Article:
Unfortunately, our taxi driver got lost. First, we got stuck in a traffic jam (if this is what it looks like on a Sunday, I dread to think what it’s like on a weekday – each time the lights changed, we moved forward two car lengths; that was it), and then he missed our turning, and got trapped in a one-way system that took 20 minutes to escape from (remember the roads are also being dug up all over the place). In fact, most streets in Rio seem to be one-way. It’s quite an odd system. Wherever you are aiming for, you essentially have to drive past it, get to the end of wherever and then turn around and come back again. I think this would become very irritating in very short order, if I was here for any length of time. Entertainingly, when he realised he’d gone wrong, our taxi driver decided not to stop the meter and, when I finally got us to where we needed to be, he tried to charge us for the full trip. Ha bloody ha. We paid him the amount on the meter at the moment I shouted “There’s the ship” – just before we sailed past it in the wrong direction – and walked away. He didn’t come after us. He knew he had been vastly pushing his luck. And anyway, he was paid in US dollars, so he did okay out of the deal.
At dinner, we met Chris, Fran and Abigail, our new tablemates. Nicky and Peter did not make it back in time (neither did we, come to that! We were an hour late in total!). Chris is a retired train driver, and Fran(çoise) works at the Royal Mail – she sounds fairly senior, although they bickered about what her job title really means! Abigail is an apprentice engineer. And they live near me in Bedford! They seem quite lovely, although they, too, are only with us for two weeks. Landed on our feet again, hopefully. I do miss Sheila though. I hope she got off the ship okay, and is having a nice time in Rio tonight. I have no idea how she would have managed that trek to the taxis/coaches with her walker, and I did worry about her all day. I’m sure she’ll be fine, though – they are very nice to little old ladies with disabilities here (no exceptions like that obnoxious man in Salvador).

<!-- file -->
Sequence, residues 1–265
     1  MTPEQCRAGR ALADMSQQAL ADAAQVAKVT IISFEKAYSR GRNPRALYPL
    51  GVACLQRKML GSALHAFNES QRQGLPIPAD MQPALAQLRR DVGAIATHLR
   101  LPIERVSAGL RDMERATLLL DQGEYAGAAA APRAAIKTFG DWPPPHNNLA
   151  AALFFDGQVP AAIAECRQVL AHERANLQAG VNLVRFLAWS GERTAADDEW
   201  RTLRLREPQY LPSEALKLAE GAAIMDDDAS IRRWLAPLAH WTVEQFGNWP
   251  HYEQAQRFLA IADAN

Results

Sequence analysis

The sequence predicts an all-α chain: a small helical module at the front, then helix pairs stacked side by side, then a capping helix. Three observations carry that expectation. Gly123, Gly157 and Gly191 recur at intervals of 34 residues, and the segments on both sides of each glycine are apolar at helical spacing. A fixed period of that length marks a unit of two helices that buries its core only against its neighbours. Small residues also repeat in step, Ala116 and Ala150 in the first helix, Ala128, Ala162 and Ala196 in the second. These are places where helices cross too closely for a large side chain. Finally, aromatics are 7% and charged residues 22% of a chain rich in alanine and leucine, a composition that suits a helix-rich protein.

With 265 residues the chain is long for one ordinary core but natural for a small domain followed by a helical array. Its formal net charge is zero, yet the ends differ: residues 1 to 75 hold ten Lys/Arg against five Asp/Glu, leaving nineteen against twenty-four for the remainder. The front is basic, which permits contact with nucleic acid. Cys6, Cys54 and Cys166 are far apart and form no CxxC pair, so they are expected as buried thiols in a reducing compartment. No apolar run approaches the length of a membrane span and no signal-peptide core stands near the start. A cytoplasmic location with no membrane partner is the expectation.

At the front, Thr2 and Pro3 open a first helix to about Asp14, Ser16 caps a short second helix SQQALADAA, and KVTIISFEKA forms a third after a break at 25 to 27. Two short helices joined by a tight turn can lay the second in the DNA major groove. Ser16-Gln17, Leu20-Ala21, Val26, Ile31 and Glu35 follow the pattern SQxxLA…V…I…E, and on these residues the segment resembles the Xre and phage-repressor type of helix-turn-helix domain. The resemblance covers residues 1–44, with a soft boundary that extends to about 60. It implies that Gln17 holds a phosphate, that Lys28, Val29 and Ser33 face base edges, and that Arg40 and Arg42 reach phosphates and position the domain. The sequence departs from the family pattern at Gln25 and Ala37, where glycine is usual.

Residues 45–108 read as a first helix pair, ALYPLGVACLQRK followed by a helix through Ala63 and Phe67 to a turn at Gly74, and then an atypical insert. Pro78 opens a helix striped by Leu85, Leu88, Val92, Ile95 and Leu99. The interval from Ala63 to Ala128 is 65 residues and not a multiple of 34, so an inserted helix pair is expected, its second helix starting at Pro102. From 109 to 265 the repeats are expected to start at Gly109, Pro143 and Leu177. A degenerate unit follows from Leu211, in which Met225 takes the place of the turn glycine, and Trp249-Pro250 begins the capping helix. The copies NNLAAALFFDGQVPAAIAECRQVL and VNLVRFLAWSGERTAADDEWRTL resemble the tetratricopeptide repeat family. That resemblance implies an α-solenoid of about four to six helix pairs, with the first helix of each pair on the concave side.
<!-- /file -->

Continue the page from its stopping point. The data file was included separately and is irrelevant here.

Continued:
The low that has been sitting over Rio is called the South Atlantic Convergence Zone, according to Tomasz Shafenaker. So now you know. And we brought the good weather with us. People kept commenting that it was the first time in three/five (depending on who you ask) weeks that it didn’t rain all day. We had glorious sunshine all day and it was 29 in the shade. Perfect. And not nearly as humid as I was dreading it would be. Nowhere near what we had in Salvador. It’s nice to be on a ship that is a harbinger of something pleasant for a change (can you be a harbinger of something pleasant?).
The main negatives were the roadworks and the graffiti. We have never seen so much graffiti in one place. Every surface was covered. And most of it was tags, not art, sadly, so absolutely no positives to be found. Just ugly. I don’t think, even if they start tomorrow (Monday) that they could clean it all off in time for the Olympics.
But, all in all, taxi issues aside (and we’ve come to expect them, wherever we go), we had a fab day in Rio. But, remember, it is a major city – like London. What it would be like on a weekday, with commuters and traffic and roadworks and noise, I dread to think, but if you have the chance to come here on a Sunday, when the streets are relatively quiet, it’s a very pleasant place indeed.
Here endeth the first fortnight/cruise/sector.